EXAMPLE 45

The procedure of example 11 is followed except that 6 mMoles 1,4-dimethylanthracene is used in place of anthracene. Yield: 18.9 g (18.9 mMoles=67%).

EXAMPLE 46

The procedure of example 11 is followed except that 6 mMoles 9,10-diphenylanthracene is used in place of anthracene. Yield: 16.1 g (16.1 mMoles=57%).

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Referenced by
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U.S. Classification556/13, 987/10, 556/140, 556/12, 987/21, 556/143, 556/7, 556/30, 556/52, 987/15, 556/28, 556/43, 556/9, 987/2, 546/2, 987/14, 556/11, 556/53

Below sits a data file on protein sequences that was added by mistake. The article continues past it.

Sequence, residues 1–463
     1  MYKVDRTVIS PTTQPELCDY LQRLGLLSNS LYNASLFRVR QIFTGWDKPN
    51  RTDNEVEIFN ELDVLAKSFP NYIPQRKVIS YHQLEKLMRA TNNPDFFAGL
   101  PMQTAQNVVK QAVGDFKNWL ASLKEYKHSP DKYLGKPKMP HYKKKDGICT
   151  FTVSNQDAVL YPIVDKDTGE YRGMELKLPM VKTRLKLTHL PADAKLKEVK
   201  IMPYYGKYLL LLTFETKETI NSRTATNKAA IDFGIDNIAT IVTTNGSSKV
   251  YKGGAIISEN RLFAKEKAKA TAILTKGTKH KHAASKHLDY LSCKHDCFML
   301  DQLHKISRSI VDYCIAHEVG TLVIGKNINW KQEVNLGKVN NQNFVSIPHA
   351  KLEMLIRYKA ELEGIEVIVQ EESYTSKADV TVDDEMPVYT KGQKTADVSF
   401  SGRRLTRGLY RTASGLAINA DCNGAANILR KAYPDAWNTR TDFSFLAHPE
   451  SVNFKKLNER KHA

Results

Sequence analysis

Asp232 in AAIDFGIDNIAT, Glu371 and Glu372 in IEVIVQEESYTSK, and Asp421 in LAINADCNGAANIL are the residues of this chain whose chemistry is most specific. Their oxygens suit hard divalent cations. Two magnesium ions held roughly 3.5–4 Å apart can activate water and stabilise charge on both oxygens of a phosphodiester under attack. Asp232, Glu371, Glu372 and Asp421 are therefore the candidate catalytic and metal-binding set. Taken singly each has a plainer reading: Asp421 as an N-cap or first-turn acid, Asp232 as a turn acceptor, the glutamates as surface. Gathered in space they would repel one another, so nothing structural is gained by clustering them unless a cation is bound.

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Cooperative ClassificationC07F15/006, C07F15/0086, C07F17/00, C07F15/00, C07F7/28, C07F11/00, C07F15/0066, C07D213/06, C07F15/045
European ClassificationC07F11/00, C07F15/00N5B, C07F15/04B, C07F15/00N7, C07F15/00, C07F17/00, C07F15/00N5, C07F7/28, C07D213/06